| SAN FRANCISCO, March 8
SAN FRANCISCO, March 8 Uber Technologies Inc
can legally put its self-driving cars back on
California streets after securing the necessary permit from
state regulators, the company said on Wednesday, although
passengers will not immediately be allowed in the backseat.
The permit allows Uber back into its home state and the
chief testing ground for self-driving cars, where 26 other
companies, including Alphabet Inc, Tesla Motors
and Ford Motor Co, are competing for a piece of
the autonomous vehicle market and have obtained state permits.
Obtaining the permit also marks a concession for Uber, which
had fought California regulators over the requirement and
initially refused to apply for the $150 permit.
After a week-long standoff with regulators last December
when Uber argued that its cars do not meet the state's
definition of an autonomous vehicle because they require
constant monitoring by a person, Uber moved its self-driving
cars from San Francisco to Arizona, a state with fewer
regulations for autonomous vehicles.
Now Uber, which first announced plans to apply for the
permit last week, has brought its self-driving cars back to
California and acquiesced to the state's rules.
California Department of Motor Vehicles spokeswoman Jessica
Gonzalez confirmed that Uber was on Wednesday granted a permit
to test two self-driving cars on public roads.
Gonzalez also said artificial intelligence startup Plus Ai
Inc received an autonomous vehicle testing permit on Wednesday.
The niche is becoming increasingly crowded with both startups
and auto manufacturers trying to develop autonomous technology
that could one day replace traditional cars.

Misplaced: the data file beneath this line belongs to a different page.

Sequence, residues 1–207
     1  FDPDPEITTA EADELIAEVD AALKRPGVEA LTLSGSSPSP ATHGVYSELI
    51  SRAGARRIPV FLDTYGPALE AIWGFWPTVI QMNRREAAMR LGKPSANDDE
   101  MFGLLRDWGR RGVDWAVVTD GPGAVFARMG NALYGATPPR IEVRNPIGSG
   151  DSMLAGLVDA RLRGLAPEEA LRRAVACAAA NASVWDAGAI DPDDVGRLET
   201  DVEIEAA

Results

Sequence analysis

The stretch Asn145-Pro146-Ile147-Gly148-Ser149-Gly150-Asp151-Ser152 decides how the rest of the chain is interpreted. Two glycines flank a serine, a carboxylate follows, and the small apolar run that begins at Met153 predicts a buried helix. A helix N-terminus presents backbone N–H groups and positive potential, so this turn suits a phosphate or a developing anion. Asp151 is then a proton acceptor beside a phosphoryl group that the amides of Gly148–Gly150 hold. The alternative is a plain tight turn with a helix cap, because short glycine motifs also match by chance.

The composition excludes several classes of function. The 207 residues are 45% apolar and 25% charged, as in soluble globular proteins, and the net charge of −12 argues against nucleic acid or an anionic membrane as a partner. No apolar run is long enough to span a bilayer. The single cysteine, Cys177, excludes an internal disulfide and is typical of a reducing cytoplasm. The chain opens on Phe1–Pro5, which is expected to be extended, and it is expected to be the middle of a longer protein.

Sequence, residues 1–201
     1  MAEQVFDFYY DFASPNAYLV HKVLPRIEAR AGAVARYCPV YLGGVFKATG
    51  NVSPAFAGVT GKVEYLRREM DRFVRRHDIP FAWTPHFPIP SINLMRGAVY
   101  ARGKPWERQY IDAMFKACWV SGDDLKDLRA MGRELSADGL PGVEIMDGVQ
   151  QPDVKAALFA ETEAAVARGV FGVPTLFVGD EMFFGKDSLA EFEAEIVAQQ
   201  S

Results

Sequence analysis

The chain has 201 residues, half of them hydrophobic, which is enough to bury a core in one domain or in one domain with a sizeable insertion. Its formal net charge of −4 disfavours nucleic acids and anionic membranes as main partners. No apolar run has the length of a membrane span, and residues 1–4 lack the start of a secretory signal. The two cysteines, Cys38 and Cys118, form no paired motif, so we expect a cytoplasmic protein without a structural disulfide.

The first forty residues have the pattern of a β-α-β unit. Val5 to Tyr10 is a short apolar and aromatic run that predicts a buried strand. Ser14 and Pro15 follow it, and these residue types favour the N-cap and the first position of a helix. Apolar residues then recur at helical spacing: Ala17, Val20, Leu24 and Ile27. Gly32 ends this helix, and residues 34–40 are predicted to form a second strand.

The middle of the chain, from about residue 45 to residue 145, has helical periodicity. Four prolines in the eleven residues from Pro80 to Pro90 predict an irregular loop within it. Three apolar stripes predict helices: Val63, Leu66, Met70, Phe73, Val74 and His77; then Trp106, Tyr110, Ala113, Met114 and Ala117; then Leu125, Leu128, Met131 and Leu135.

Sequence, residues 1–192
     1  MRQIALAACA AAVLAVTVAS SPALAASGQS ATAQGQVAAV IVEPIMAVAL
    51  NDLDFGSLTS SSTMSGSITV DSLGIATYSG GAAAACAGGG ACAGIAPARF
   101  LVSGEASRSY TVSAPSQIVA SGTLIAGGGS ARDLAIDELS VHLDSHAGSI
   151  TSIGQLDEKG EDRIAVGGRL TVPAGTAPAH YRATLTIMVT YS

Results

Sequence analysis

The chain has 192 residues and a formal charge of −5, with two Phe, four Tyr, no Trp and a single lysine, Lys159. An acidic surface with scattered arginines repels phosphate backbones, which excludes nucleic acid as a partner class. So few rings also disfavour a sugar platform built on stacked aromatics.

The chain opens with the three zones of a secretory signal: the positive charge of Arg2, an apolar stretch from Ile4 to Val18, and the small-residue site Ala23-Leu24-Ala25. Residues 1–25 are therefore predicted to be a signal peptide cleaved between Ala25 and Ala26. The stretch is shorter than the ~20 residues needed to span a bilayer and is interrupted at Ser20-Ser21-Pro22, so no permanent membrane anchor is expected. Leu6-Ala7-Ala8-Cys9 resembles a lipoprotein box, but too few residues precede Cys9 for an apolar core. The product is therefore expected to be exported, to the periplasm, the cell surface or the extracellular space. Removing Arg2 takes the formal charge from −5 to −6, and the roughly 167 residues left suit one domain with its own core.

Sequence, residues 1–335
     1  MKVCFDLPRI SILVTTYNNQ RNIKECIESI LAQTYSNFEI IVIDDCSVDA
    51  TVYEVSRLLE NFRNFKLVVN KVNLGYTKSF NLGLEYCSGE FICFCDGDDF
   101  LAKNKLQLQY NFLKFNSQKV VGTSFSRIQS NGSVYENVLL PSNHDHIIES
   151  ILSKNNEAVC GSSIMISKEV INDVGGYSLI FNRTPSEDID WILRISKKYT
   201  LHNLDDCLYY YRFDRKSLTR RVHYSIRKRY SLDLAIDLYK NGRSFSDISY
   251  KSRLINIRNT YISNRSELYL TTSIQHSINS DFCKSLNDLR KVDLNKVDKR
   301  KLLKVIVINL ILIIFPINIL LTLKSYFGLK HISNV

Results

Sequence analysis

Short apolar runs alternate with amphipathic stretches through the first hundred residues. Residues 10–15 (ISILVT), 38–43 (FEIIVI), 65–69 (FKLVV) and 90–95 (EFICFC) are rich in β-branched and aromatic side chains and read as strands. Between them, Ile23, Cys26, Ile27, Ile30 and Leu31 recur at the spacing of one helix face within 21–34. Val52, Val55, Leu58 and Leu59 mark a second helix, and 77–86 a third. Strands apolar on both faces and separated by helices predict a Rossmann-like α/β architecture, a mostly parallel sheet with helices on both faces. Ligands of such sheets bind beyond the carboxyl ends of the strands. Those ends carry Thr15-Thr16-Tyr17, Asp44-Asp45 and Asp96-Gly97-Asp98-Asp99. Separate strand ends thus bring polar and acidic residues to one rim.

Uber will not make the autonomous cars immediately available
to passengers, according to an Uber spokeswoman, who spoke on
condition of anonymity.
The company needs time to build up its fleet from the two
cars it has now and go through the various regulatory
requirements such as getting the vehicles smog tested and
registered, the spokeswoman added.
Uber's efforts to rebuild its self-driving program come as
the company faces a lawsuit from Alphabet Inc's self-driving car
unit, Waymo, which accuses Uber of stealing designs for
technology for autonomous cars known as Lidar. Uber has said
Waymo's claims are false.
Uber was forced to shutter its self-driving pilot in San
Francisco last December just a week after launching, when the
DMV revoked the registration of 16 Uber self-driving cars for
lacking the proper permits.
Uber then moved those cars to Arizona, where they remain.
Uber last month launched a pilot program in Tempe, allowing
passengers to hail a ride in a self-driving car through the Uber
app. The company has a similar program in Pittsburgh.
(Reporting by Heather Somerville, editing by G Crosse)